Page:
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Apple's TV Plus puts on a hell of a show. It just wasn't for us



 A group of more than 30 stars stand in a clean white apple lobby

Apple gathered talent from Apple TV Plus for a group photo at the Steve Jobs Theater.


Art Streiber / Apple
                                                

Walking up the blustery path to Apple's big event Monday I had a lot of questions about the gadget giant's big-league streaming TV ambitions . But I left the Steve Jobs with few answers.

Apple stopped at a show for me, a tech reporter at her first Apple event the moment the lights went up to reveal Steven Spielberg to a standing ovation. And it wasn't putting on a show for you – the customer and prospective subscriber – anymore either. If it had been, Apple might have us how much will it cost, whether its shows' episodes will drop at once or how many programs will be available to launch.

Instead, from Spielberg to Oprah Winfrey and all the stars in, Apple brought his Hollywood talent to Cupertino, California, to publicly worship them and their craft.

Don't believe me? Apple literally puts them on pedestals.

"It appeared to be in the industry that they can attract high-quality talent and they're willing to spend," BTIG analyst Walter Piecyk said in an interview Thursday. "They are not selling this to end users."

The stars and filmmakers on display Monday served as a reminder that Apple loves the creative community – and the feeling is mutual. Not only did it get Hollywood icons and up-and-comers to praise Apple, Monday's presentation showed itself Apple has enough power to get Oprah – and Spielberg-level wattage to show up and effuse about their excitement to work with the company

Despite my hopes, Apple's event did not set its talent loose to start gabbing about their projects publicly. Apple's event lifted the auction or secrecy over its programming – but quickly dropped it back down. I contacted representatives for more than 30 actors, actresses and filmmakers present in the Steve Jobs Theater that day. None would share reactions to the event on the record.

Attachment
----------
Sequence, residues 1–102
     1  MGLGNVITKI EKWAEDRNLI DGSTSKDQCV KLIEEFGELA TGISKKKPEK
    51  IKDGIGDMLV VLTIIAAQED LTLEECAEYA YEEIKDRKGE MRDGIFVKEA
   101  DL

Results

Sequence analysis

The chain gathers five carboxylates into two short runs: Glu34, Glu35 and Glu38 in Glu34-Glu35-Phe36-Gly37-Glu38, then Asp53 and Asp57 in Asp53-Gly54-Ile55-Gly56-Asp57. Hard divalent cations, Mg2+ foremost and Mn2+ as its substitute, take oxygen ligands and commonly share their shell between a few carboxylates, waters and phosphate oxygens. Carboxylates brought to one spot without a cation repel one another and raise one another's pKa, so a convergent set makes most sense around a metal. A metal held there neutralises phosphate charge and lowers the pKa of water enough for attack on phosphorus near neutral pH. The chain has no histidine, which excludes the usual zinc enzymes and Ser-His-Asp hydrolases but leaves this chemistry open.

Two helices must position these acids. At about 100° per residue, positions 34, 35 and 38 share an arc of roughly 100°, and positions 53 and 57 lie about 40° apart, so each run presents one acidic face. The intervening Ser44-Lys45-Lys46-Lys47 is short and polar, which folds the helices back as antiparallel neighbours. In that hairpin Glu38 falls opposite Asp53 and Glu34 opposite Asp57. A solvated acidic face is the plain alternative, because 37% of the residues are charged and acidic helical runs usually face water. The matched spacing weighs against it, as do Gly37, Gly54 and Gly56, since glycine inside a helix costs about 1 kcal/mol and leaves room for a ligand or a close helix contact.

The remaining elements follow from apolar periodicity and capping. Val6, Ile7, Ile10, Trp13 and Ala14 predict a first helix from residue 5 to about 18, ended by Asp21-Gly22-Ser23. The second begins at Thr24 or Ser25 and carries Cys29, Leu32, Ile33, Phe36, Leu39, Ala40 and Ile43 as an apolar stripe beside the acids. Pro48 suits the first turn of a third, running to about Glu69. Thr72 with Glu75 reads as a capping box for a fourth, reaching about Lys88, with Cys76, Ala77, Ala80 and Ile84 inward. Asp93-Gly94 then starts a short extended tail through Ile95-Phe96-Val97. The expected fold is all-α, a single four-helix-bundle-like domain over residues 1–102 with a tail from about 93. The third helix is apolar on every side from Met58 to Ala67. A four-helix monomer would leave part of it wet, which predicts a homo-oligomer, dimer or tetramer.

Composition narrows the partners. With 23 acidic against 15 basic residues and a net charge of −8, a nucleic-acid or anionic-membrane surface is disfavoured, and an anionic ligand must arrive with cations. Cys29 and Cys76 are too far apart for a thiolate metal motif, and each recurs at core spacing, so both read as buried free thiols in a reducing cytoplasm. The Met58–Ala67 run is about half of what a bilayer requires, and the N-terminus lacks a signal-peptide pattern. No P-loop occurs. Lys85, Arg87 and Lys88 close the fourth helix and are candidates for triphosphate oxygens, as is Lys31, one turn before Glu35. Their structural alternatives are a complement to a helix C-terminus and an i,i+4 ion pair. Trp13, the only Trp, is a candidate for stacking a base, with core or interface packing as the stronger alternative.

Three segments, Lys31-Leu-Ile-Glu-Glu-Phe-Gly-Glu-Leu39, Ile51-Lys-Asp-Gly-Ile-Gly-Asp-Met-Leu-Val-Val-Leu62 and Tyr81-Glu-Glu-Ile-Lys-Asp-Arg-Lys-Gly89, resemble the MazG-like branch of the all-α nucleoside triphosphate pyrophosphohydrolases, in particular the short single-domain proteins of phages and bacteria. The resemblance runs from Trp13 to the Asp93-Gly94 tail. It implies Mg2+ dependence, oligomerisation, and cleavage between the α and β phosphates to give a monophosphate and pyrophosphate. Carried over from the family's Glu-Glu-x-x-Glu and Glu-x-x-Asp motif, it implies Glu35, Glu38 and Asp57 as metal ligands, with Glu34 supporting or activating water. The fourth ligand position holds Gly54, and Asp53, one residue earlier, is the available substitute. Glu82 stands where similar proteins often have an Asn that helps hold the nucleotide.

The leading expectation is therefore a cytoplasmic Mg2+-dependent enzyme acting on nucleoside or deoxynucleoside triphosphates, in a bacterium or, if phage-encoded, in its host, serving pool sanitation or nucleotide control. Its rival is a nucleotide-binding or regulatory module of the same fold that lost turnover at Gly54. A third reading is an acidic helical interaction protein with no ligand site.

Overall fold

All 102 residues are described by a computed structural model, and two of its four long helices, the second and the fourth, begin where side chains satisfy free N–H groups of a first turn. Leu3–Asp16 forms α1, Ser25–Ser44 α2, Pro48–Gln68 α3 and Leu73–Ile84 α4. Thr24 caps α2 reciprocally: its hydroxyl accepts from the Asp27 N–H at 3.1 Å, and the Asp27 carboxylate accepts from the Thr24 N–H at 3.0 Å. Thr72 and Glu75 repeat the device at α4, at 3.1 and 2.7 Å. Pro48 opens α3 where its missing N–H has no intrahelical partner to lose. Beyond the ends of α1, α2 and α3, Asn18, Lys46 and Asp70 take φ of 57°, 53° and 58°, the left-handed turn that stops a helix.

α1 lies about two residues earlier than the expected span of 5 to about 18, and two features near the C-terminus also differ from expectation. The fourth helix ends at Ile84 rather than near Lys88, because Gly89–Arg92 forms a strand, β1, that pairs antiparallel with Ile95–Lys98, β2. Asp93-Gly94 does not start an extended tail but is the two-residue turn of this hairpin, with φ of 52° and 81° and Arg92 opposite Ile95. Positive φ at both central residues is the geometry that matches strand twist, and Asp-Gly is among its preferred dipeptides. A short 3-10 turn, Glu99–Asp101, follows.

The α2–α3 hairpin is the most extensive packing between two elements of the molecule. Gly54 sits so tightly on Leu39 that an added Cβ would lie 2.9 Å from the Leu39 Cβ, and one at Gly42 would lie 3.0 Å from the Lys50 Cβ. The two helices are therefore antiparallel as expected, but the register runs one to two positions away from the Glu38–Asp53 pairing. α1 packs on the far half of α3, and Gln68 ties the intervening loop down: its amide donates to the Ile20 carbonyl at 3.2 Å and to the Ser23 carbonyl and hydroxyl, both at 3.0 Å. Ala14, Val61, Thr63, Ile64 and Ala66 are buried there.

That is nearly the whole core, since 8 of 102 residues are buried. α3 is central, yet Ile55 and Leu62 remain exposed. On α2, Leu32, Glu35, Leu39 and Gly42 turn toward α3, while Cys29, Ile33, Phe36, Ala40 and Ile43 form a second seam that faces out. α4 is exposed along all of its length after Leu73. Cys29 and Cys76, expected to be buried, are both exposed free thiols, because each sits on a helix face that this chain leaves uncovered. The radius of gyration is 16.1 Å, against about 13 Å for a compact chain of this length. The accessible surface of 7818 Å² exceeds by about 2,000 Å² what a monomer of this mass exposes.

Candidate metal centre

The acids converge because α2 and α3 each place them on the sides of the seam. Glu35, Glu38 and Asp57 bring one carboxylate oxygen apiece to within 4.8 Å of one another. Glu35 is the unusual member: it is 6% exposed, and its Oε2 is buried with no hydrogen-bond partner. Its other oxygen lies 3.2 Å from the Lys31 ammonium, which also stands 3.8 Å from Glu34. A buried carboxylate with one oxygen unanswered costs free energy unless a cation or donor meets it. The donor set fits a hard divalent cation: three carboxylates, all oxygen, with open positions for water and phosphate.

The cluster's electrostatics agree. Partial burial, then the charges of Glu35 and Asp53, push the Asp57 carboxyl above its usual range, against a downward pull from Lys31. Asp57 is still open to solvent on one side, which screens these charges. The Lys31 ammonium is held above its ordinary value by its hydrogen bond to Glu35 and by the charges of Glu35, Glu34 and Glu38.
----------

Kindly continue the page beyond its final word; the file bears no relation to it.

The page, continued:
But it did mean the assembled celebrities could litter their social feeds with hot fuzzies for Apple .

The result is a hard reset on the perception of Apple's relationship with its talent.

Reporting up to this week often depicted Apple as clueless contributors in the high-octane shows they've booked. Carpool Karaoke, one of Apple's first programs at original programming on its Apple Music subscription service, was sent back to creators to remove "foul language and references to vaginal hygiene," according to Bloomberg. Apple executives were allegedly "intrusive" about how their programs depict technology, with one of Tim's frequent notes to one producer reportedly being, "don't be so mean!"

(Apple didn't respond to a message seeking comment for this article.)

Putting all the stars on stage meant "it sounds like [Apple’s] great to work with," Laura Martin, senior internet and media analyst at Needham and Co., said Thursday. "You can't buy Steven Spielberg … You're not going to work with you unless you're great to work with." board.

For one, it's paying top dollar. Just Netflix, a company that constantly puts much of traditional Hollywood on edge, has talent flocking to its big budgets and huge base of viewers. Even among the Apple stars assembled at Cupertino this week, several are Netflix talent too.

Michelle Dockery, best known as Lady Mary on Downton Abbey, will star in Apple's Defending Jacob, after she was nominated for an Emmy for Netflix's Godless. Days before Brie Larson was posing for that eye-popping group photo in Apple's sleek theater lobby, she was posting the trailer to her directorial debut, Unicorn Store, from Netflix.

On the flip side, some of Spielberg's interpreting appearances at Apple – and his past dismissiveness about Netflix as a film distributor – are the legendary director taking a side in the coming Apple vs. Netflix heavyweight bolt

Unlike Netflix, Apple doesn't have a single video subscriber yet. But it has 900 million active iPhones in everyone's pockets and what is estimated to be a $ 2 billion annual budget for programming. Even without Apple's business, any company with that network of distribution and that much money to invest would not meet with Hollywood's elite.

If Apple's message to customers was that it had molded itself into a program that is going to rival HBO or Netflix, it delivered it mostly with sleight of hand. Apple's celebrity presenters had the chance to create excitement about their projects – and Apple's time-tested stagecraft certainly put all its talent in the best possible light.

But ultimately we only learned crumbs of new information. We learned the titles of some shows and the general plots to some episodes of Spielberg's Amazing Stories series or Kumail Nanjian's Little America. Sure, Apple gave us a sizzle with snippets from many of its shows. But with multiple shows already in the can, Apple couldn't put together a trailer or two?

Whatever Hollywood thought of the show Apple put on Monday, we – the people that would be its viewers – are still waiting for Apple to put on a show for us. If Apple TV Plus is really, as Tim Cook puts it Monday, "unlike anything that's been done before," it has more explaining to do.


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